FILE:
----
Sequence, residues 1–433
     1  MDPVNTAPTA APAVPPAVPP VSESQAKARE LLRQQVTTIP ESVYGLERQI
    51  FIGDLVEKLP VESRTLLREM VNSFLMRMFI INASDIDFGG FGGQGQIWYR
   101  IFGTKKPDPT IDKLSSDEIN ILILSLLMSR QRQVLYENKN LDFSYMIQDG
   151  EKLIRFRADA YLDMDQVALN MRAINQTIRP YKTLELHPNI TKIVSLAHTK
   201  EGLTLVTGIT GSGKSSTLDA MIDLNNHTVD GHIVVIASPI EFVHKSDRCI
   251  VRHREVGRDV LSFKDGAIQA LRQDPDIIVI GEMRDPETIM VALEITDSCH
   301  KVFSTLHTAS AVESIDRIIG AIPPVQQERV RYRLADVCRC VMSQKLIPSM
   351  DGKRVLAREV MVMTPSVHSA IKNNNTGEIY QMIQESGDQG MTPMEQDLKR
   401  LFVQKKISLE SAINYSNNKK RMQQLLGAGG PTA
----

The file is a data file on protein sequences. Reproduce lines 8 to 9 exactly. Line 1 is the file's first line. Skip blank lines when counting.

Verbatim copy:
   301  KVFSTLHTAS AVESIDRIIG AIPPVQQERV RYRLADVCRC VMSQKLIPSM
   351  DGKRVLAREV MVMTPSVHSA IKNNNTGEIY QMIQESGDQG MTPMEQDLKR